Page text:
"Waterfall" from the "Art of Dr. Seuss" exhibit.
‘Waterfall’ from the ‘Art of Dr. Seuss’ exhibit.

Yesterday, fellow writer David Taffet and I jaunted over to see the exhibit, “The Art of Dr. Seuss” at Storyopolis Fine Art which is housed in the 4th Wall Gallery in Uptown. We knew it was going to be a quick trip but I could have easily spent more time looking at the work. The exhibit is surprisingly vast and worth every second it takes to get a closer look at Horton, The Cat in the Hat and some of the more surprising art I had no idea about.

His illustrations are no doubt amazing and clever but don’t get too caught up in the stuff you’ve seen already as a kid or even beyond (like I started to). Or save it for last because it’s his other work that needs savoring. It’s something to see his style even before he became famous for it. Advertisements for Flit insecticide and a World War II info book on malaria have the same whimsy as his “Green Eggs and Ham.” Check out this ad. Just wish I remembered what the caption said.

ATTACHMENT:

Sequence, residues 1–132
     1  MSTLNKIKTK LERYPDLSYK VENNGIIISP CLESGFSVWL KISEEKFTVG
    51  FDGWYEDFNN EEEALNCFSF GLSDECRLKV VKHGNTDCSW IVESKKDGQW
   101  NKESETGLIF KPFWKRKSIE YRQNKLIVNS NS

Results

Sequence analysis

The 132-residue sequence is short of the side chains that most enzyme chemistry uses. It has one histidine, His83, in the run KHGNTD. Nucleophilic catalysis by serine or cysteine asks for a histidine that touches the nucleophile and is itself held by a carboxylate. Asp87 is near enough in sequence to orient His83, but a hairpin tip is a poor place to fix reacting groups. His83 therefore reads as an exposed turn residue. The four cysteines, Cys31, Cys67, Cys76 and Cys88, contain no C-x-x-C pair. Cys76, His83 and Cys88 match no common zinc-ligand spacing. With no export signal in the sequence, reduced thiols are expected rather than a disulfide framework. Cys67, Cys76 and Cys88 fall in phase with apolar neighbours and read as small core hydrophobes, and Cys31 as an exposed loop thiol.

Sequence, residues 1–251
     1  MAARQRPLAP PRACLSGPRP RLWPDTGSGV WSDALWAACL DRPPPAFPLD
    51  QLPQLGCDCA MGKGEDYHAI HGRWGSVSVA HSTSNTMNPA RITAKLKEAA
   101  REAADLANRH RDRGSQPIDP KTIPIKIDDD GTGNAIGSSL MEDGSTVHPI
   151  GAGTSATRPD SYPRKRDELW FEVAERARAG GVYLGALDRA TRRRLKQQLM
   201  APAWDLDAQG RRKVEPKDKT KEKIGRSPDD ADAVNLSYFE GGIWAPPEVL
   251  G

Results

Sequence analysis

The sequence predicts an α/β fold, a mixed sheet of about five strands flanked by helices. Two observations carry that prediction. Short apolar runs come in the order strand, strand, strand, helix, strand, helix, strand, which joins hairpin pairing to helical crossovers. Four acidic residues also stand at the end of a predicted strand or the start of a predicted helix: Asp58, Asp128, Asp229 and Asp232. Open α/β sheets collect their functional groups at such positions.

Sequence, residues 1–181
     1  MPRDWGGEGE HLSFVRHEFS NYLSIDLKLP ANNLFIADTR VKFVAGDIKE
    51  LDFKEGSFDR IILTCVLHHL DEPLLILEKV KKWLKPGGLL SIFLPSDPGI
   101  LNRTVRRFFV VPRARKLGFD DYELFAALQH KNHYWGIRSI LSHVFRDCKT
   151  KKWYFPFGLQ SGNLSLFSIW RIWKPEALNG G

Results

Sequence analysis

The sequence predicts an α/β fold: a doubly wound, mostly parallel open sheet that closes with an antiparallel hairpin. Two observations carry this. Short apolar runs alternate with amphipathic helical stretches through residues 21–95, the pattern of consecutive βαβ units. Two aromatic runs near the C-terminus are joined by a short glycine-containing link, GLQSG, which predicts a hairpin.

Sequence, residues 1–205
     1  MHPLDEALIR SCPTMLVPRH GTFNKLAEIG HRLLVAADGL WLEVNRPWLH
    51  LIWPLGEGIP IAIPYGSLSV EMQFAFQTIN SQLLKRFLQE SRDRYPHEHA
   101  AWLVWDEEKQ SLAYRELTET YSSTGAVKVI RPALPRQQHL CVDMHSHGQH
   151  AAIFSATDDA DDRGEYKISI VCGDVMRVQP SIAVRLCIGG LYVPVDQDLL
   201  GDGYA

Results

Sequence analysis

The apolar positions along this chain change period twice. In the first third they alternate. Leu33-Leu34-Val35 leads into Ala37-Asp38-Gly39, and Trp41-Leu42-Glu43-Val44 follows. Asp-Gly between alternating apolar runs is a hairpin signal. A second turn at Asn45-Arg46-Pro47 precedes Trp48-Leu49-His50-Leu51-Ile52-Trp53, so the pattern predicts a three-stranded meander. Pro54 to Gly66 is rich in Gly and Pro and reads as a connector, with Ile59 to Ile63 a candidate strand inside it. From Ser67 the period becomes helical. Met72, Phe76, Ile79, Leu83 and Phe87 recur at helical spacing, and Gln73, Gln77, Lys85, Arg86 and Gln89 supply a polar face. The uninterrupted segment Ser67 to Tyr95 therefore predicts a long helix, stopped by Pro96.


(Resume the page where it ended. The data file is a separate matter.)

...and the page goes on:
Be prepared though as Dr. Seuss had a naughty side too. In Secret Art, he illustrated some works kept to himself that caught me off guard. I just naturally associate Dr. Seuss with childlike wonder and fantasy but when he twists them into a more adult nature, it’s kind of shocking. Don’t worry, it’s not pornographic or sleazy…just different.

I had to do a double take on his 'Myopic Woman.'
I had to do a double take on his ‘Myopic Woman.’

My favorites of all were his Unorthodox Taxidermy pieces. Creatures from his books were created into actual wall-hangings that in the beginning sold for cheap but now run above and beyond the $3,000 mark. If you think about it too long, it ends up creepy but the pieces have a wonderful charm behind them.

Check it out for sure. It’s quite a gem to see but you have just over a week left to get in there. The exhibit concludes Aug. 8.сколько стоит содержание сайтаавтоматическое seo продвижение